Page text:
CO Amanda McCurdy responded with a Sleeping Bear Dunes National Park ranger to the Empire Bluffs Trail after receiving a call of an individual who was experiencing a medical emergency on the dunes. By the time CO McCurdy hiked to the end of the trail, the National Park ranger was attempting to walk the patient out to where an ambulance was staged. The patient became so incoherent, he was no longer able to walk, so the officers carried him the remainder of the way. The patient was then transported to the nearest hospital and treated for his illness.
CO Troy Ludwig received a complaint of individuals living on state land near the Long Lake State Forest Campground. When the CO arrived at the camp, there was a large amount of litter, a lawnmower, and a broken-down vehicle at the location. The CO was eventually able to track down the suspect who admitted that he had been at the location since the snow had begun melting, which is well past the 15-day limit. The CO advised the suspect he needed to clean the site up and he would be back to check on it. When the CO went back to check the camp, he observed the suspect operating a motor vehicle even though he had a suspended license. The suspect’s girlfriend was also found to have a felony warrant for controlled substance. Enforcement action was taken regarding the suspended license, littering, and camping in the same location for more than 15 days.
COs Bill Haskin and Troy Ludwig were patrolling the Pine River when they observed a group of anglers fishing from a rowboat. The COs observed a beer can fall over the side of the boat and the anglers failed to pick it up. The COs moved downstream of the boat and contacted them when they came around a bend. During the course of their conversation regarding the beer can, it was discovered the anglers did not have any PFDs on board. Enforcement action was taken for littering and no PFDs.
CO Troy Ludwig received a complaint of two anglers bow fishing on the Manistee River which is a designated trout stream. The complainant advised that they had overheard the anglers talking at the boat launch that they did not know how many fish they could keep and if they were able to bow fish the river. The CO observed one of the anglers bow fishing when he arrived at the river. Contact was made and the anglers advised they did not know where they could and could not fish and had not bothered to learn the regulations. Enforcement action was taken for using a bow and arrow on a designated trout stream.
CO Troy Ludwig received sentencing details for a hunter who had taken a deer at night from a motor vehicle with a rifle and taken two other deer using his mother’s license. The suspect was required to pay restitution for the deer and his hunting privileges were revoked until 2025.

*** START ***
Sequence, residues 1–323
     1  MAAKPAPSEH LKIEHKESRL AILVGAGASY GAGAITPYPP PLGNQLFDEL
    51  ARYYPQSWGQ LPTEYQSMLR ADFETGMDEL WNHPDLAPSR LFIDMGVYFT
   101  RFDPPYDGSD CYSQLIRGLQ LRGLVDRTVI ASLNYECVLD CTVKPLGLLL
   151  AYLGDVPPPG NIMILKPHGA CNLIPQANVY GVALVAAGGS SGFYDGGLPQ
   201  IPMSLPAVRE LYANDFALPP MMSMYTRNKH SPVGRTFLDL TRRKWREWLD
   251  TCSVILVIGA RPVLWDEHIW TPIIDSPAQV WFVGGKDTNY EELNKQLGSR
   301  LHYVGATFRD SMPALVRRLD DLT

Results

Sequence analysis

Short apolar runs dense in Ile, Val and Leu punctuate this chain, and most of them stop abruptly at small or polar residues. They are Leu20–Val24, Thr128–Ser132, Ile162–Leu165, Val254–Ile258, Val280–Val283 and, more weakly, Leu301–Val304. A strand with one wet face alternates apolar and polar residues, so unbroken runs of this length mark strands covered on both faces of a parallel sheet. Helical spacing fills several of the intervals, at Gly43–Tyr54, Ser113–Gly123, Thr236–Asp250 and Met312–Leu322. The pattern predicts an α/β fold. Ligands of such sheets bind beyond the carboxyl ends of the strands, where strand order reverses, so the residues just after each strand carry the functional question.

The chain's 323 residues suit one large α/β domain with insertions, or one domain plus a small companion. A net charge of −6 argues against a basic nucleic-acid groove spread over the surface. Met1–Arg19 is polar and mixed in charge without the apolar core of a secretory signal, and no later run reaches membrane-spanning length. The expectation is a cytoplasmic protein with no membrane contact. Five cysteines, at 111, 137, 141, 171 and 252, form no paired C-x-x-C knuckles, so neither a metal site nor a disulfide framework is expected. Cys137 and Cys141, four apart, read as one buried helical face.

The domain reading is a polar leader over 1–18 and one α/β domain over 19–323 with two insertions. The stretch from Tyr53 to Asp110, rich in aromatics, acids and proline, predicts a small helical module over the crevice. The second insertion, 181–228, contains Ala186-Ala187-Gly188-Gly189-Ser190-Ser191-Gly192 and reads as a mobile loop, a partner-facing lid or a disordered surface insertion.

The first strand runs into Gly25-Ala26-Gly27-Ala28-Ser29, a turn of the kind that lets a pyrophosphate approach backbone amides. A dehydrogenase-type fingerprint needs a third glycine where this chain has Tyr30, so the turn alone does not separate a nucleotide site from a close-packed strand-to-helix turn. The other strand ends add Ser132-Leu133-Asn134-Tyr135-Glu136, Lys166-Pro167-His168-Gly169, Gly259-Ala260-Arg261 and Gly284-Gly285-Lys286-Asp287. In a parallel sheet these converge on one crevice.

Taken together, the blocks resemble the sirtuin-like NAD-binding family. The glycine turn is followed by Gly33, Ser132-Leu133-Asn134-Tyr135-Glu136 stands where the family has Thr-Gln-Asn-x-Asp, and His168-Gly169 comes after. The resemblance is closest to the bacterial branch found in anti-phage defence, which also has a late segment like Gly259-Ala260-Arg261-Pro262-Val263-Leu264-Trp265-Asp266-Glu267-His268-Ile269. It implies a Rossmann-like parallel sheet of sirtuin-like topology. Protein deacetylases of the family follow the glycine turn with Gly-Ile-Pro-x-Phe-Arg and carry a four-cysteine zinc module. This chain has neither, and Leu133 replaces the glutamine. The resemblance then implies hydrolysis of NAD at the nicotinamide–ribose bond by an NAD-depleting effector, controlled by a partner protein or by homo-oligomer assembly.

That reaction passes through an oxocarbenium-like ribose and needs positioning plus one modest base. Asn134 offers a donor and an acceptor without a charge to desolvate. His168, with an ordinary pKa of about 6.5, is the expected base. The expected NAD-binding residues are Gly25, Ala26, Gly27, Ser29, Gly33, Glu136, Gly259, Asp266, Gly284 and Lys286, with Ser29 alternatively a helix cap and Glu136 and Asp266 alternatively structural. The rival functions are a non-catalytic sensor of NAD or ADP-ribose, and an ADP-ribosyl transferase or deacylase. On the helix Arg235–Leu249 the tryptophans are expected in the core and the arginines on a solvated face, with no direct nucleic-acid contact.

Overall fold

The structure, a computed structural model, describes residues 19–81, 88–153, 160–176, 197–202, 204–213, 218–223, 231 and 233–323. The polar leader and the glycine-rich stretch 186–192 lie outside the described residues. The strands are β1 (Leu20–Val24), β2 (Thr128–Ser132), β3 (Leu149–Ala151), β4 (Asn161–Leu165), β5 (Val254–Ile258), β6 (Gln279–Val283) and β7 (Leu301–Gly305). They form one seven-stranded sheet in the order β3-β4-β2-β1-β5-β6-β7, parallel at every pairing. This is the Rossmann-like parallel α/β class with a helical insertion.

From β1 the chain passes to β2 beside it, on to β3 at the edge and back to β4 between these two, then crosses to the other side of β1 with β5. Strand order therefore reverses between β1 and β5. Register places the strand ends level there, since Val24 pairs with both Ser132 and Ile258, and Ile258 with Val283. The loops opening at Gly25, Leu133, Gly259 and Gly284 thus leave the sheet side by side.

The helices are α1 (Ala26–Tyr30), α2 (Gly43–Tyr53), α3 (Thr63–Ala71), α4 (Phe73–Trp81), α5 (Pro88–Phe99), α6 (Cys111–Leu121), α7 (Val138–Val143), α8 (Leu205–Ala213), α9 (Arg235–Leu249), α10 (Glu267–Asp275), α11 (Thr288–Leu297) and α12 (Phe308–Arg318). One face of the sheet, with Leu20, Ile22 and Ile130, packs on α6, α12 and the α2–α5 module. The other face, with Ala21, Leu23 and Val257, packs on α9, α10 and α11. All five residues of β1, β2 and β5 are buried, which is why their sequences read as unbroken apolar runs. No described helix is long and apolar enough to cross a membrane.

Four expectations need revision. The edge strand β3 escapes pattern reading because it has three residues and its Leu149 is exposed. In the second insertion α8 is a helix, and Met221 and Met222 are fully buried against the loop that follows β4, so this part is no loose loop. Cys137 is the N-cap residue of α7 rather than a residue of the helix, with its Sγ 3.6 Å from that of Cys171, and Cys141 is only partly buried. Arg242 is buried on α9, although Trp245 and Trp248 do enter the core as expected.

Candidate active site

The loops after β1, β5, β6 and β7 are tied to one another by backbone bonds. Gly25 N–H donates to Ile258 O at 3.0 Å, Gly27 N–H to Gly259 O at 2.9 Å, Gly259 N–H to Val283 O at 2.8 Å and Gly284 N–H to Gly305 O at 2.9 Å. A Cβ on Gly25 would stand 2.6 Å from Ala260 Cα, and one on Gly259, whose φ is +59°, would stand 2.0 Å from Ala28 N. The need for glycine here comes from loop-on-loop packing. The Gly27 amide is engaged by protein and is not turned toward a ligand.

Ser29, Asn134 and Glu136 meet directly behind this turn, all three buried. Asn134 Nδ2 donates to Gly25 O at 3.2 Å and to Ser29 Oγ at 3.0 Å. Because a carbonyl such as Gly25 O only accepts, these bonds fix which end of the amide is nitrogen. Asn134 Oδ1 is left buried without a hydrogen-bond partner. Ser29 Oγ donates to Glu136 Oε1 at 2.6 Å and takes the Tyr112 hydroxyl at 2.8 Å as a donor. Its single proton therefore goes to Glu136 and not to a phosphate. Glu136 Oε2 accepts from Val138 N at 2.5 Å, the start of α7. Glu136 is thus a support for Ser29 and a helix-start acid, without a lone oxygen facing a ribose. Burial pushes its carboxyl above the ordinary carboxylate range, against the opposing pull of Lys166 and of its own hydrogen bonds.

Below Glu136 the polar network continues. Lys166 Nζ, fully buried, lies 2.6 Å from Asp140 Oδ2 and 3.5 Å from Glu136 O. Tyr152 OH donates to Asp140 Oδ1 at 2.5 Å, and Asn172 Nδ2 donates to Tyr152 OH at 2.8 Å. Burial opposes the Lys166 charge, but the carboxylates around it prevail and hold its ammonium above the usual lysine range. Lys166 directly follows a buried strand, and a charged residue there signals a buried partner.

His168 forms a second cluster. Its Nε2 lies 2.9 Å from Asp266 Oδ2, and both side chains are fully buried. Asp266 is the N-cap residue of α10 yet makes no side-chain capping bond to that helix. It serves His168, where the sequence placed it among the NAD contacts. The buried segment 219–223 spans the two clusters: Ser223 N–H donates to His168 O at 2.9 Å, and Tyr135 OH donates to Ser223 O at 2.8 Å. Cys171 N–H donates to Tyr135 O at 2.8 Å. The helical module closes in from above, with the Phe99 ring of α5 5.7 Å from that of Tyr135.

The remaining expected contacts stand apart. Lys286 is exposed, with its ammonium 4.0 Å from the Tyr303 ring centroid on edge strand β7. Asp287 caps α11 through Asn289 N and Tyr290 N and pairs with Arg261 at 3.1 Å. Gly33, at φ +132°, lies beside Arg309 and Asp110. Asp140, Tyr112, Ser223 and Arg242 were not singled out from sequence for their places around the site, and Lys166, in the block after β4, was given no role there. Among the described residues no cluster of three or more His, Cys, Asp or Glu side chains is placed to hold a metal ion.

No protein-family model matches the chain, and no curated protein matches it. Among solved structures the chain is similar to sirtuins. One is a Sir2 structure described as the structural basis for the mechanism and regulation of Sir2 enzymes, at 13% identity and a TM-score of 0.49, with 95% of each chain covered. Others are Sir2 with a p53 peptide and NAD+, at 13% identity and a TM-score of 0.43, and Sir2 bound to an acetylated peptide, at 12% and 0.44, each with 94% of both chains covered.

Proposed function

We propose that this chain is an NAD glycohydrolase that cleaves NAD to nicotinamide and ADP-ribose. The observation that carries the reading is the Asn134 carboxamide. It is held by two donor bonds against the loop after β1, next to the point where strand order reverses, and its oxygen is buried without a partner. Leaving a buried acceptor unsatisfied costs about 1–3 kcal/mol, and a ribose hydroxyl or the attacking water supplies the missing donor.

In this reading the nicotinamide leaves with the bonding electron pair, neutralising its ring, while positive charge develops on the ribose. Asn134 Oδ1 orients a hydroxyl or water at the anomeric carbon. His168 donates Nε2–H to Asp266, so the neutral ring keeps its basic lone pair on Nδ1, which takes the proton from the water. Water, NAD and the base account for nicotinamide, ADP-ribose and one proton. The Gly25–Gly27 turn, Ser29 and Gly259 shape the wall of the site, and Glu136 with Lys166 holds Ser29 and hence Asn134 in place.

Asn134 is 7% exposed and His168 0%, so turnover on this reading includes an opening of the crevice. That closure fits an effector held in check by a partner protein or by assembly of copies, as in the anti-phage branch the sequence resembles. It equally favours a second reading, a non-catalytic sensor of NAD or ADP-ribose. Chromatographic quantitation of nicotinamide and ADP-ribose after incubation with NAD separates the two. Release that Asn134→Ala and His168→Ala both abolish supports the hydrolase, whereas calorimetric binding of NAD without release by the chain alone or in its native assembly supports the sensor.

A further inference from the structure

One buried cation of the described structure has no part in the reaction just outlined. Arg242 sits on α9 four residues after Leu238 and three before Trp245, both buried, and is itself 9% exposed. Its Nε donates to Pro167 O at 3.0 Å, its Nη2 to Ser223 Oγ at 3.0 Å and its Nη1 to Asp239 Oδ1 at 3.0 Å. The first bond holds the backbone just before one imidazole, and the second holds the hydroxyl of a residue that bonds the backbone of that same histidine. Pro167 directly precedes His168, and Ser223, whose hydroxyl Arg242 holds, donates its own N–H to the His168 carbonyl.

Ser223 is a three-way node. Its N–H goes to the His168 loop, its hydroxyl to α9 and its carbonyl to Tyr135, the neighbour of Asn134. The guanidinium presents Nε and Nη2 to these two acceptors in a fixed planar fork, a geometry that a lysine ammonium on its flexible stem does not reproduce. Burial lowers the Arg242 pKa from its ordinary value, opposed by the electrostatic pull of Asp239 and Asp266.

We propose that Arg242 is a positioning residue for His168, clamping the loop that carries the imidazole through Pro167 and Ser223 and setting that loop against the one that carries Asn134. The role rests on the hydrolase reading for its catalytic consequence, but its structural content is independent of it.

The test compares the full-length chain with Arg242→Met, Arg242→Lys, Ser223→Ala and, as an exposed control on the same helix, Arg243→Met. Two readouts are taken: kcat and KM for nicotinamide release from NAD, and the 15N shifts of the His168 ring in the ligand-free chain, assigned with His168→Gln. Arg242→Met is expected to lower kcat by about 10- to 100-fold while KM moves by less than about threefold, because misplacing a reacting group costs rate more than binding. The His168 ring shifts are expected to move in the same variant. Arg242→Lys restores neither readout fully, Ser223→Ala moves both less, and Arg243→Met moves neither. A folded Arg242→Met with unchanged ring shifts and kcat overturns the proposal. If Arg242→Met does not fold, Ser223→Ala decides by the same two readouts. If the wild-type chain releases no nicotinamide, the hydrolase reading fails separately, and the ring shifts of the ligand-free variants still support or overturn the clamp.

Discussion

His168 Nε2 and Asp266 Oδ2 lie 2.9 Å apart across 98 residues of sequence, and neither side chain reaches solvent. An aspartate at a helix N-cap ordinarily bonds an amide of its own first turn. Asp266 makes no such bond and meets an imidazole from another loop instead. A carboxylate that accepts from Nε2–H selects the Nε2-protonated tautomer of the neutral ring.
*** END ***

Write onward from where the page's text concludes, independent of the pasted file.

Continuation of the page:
CO Richard Stowe and Sgt. Dan Bigger encountered a subject during an ORV group patrol who was dumping yard waste onto Consumers Power Company property. A citation was issued for litter and the COs had the subject pick up the yard waste.
Over the past two weeks, CO Justin Vanderlinde assisted Wildlife Division in responding to several nuisance bear complaints, setting bear traps, and relocating one sow bear that has been destroying several chicken coops this spring.
CO Josiah Killingbeck responded with deputies from the Lake County Sheriff’s Office to a subject reporting that he had been shot at. CO Killingbeck arrived at the location where the complainant was meeting law enforcement officers and shortly afterwards, the complainant advised that a truck which was driving by was the suspect’s vehicle. CO Killingbeck and a Lake County deputy stopped the vehicle and it was determined that the vehicle’s driver was a witness to the incident. CO Killingbeck assisted with the investigation which lead to the suspect’s residence. It was learned that an ex-boyfriend was attempting to speak with his ex-girlfriend, when the woman’s new boyfriend had become angry and fired a shot towards the ex-boyfriend; he was arrested and lodged in the Lake County Jail.
CO Kyle Publiski assisted the Mason County Sheriff’s Office with an ORV accident. CO Publiski helped locate the subject that had crashed his dirt bike into a tree on an ORV trail in the south part of Mason County. After over an hour of looking for the subject, he was located by CO Publiski and the Mason County deputies. It was determined the crash victim had a broken femur. CO Publiski assisted with splinting the broken leg and carrying the subject out of the woods.